English for Everybody - Elementary Course
Aw, that's all right, baby!

I'm really sorry...


An English saying goes "Sorry is the hardest word". This is not because it is hard to pronounce or spell, but because you have to admit that you have done something wrong.

In this section, we will see when and how you can say sorry; and what you should say when someone says sorry to you. Also, English people often say "sorry" when they are not even a little bit sorry.


First of all, sorry is not really a synonym for I apologise even though it is often used that way. Sorry is the word for how you feel when you wish you had not done something.
For example:
"It's really cold. I'm sorry that I forgot my jacket".
"I'm sorry I stayed up so late last night. I'm really tired now."

Notice that in these sentences the speakers are not apologising for anything, just wishing that they had not done it.


But often you wish you had not done something because it has upset somebody.
For example:
"I am sorry that I was late".
"He is sorry that he was so rude".

Because you are unhappy about upsetting someone, this is a sort of apology. You can say this in other ways too.
For example:
"I feel bad about what I said yesterday."
"I'm really angry with myself for this."

Regret is often used in more formal types of apology.
For example:
"BritRail regrets to announce that the 7.15 to London is late (again). "
"Miss Otis regrets she can't come to lunch today."

The noun "apology" or the verb "apologise" (or "apologize") is usually used formally.
For example:
"Mr Jones sends his apologies for not attending the meeting".
"We apologise for the delay in answering your call."
"Please accept our apologies for this error."

Things to say with apologies.

Apologies are often followed by excuses. An excuse is something you offer to show that what you have done wrong was not really your fault - or at least that you did not mean to upset someone.
For example:
"Sorry I am late - I couldn't find a taxi."
"I'm sorry, I did not know this was your seat."

Sometimes you can apologise and explain together with I'm afraid. (Which doesn't have anything to do with being scared when you use it like this.)
For example:
"I'm afraid I'm going to be late. I didn't wake up on time."
"I'm afraid I've lost our tickets. I don't know where I put them"

With apologies you can say directly that you did not intend to upset someone.
For example:
"I didn't mean to scare you. I'm sorry."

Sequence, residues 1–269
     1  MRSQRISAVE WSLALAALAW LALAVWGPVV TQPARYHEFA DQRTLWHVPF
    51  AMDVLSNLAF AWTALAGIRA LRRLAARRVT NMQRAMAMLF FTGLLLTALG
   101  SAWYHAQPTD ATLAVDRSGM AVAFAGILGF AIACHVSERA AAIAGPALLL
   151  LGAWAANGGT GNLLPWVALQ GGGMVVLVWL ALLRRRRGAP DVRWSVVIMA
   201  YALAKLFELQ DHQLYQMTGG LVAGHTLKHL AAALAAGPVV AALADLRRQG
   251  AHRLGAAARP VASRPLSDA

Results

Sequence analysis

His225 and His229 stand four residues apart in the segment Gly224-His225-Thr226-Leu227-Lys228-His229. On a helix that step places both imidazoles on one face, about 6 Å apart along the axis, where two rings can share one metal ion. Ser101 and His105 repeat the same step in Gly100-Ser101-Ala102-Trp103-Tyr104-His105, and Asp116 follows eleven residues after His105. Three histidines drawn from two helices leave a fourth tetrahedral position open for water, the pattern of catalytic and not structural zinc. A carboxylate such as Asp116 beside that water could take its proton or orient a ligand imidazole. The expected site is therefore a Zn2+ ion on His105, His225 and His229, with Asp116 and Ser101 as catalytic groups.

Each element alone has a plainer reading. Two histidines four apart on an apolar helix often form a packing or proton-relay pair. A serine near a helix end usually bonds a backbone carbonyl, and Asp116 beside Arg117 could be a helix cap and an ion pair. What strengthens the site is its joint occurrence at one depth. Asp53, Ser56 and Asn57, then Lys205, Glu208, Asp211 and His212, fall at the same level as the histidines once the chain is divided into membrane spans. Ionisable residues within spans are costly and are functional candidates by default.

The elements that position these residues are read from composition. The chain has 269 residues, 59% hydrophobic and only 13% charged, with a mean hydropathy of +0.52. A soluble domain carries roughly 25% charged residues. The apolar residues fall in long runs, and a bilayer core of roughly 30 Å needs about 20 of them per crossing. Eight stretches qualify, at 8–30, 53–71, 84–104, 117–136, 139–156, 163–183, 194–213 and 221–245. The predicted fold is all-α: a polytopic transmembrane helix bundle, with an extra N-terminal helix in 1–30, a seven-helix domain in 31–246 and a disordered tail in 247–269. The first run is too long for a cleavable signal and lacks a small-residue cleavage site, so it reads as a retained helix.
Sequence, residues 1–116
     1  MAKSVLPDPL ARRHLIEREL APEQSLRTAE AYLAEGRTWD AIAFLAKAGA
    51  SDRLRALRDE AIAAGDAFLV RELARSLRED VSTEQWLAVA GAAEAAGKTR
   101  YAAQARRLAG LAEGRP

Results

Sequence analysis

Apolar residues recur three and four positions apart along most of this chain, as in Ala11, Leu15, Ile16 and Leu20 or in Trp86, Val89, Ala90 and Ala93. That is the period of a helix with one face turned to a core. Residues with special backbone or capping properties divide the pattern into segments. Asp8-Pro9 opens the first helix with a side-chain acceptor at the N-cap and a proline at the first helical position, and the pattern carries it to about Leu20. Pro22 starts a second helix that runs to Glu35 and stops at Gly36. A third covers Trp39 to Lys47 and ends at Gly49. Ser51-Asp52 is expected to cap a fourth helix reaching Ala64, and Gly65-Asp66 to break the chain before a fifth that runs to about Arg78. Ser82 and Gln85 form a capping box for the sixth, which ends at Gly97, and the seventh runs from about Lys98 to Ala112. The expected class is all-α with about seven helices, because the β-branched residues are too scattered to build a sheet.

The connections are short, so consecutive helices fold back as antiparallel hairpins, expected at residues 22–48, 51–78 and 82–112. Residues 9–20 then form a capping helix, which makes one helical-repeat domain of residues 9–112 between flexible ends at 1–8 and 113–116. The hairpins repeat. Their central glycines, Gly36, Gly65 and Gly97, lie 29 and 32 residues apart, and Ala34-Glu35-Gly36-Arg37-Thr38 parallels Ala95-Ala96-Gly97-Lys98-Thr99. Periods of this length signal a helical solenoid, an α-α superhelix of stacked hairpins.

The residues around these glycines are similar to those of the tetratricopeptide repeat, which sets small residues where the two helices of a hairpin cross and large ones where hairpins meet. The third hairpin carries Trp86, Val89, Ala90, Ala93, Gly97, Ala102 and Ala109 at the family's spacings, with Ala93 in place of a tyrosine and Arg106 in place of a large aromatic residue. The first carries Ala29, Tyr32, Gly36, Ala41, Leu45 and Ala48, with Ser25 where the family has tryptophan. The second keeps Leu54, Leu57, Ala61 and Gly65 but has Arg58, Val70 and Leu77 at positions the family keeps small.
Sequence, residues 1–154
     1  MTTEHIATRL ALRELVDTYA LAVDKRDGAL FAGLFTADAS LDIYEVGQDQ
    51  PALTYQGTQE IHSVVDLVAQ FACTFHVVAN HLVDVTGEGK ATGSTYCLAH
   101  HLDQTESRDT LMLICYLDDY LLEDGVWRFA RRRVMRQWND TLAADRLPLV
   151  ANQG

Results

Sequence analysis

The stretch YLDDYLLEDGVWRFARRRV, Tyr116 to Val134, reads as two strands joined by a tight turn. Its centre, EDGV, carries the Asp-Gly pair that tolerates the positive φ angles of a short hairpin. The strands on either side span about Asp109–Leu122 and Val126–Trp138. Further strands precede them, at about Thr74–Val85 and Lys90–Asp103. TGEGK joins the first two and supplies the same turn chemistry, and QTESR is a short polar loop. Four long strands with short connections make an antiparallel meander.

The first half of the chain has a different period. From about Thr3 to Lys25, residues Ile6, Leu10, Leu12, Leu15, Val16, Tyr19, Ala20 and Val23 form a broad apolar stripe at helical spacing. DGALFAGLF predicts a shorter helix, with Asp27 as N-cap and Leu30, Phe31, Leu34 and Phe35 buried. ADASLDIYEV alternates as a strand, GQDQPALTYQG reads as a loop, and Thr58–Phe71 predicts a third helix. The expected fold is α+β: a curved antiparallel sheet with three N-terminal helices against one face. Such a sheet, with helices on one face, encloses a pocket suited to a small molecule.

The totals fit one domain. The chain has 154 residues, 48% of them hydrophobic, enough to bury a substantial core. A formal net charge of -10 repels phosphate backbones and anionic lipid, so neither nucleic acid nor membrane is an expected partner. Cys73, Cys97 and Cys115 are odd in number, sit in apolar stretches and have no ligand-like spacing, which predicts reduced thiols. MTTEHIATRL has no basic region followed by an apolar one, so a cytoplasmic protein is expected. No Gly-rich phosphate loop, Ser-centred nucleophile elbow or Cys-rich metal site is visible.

Sometimes you can ask a question to show that you did not know you were doing something wrong until that moment.
For example:
"Oh, am I late? I'm sorry."
"Is this your seat? Oh, I do apologise."
"Did I tread on your foot? I'm sorry. Are you all right?"

You can also put in extra words to sound more sorry.
For example:
"I'm sorry"
"I'm very sorry."
"I'm really very sorry."

Excuse me

You say sorry after you have done something wrong, excuse me if you are about to do something that might cause someone else a problem. (In US English excuse me is also used to say sorry.) The only extra word to make excuse me stronger is please.
For example:
"Excuse me, can I come past?"
"Excuse me please, could you move your car?"
"That was a bit rude" - "Oh, excuse me."

I'm not really apologizing.

Sometimes we apologize to be polite, even if we are not really sorry.
For example:
"Excuse me, I think that is my seat."
"I'm sorry, but I don't agree with you."
"I am afraid that is impossible."

Another example is when we can't hear or understand someone. Here you can also use I beg your pardon (or just pardon), which is an older form of apology which is now usually used only when you have not understood what someone has said.
For example:
"It's noisy in here" - "Eh? Sorry?"
"I'm diffgidi ddjja" - "Er I beg your pardon?"

Apologies are often used with refusals, or to give bad news.
For example:
"I'm sorry. I can't lend you ten pounds."
"I'm afraid the bar is closed now."
"Your car needs expensive repairs. I'm sorry."
"I'm sorry to say that Fred can't come."

In English you apologise whenever you are causing someone any problem or if you have upset them, even if the thing is not very important. "Sorry" is usually said in a slightly higher voice than your usual speech, and it is often used with an excuse.

Receiving an apology.

You can do this graciously, or ungraciously.

Gracious acceptances include:
"That's ok" "No problem" "Don't mention it" (For small matters)
"It's quite all right" "It's not important." "Don't worry about it" (For more serious matters)

Ungracious acceptances of "sorry" . (For when you are still very angry.)
"You should be." "Well, that's not good enough" "Don't do it again" "Oh, all right then."

English people may sometimes refuse to accept an apology by pretending that it has not been given.
For example:
"I'm sorry I'm late." "Well, let's get started, shall we?"
"I'm sorry I lost it." "I'll go and get another one."

Or they can tell you (sometimes very rudely) to go away, which means that they do not accept your apology.

I'm sorry, that is the end of this part. I'm afraid you will have to click the blue arrow to go on. We apologise if there is anything you still don't understand, but we have tried to explain. (But you can always ask the Prof!)

Let's go!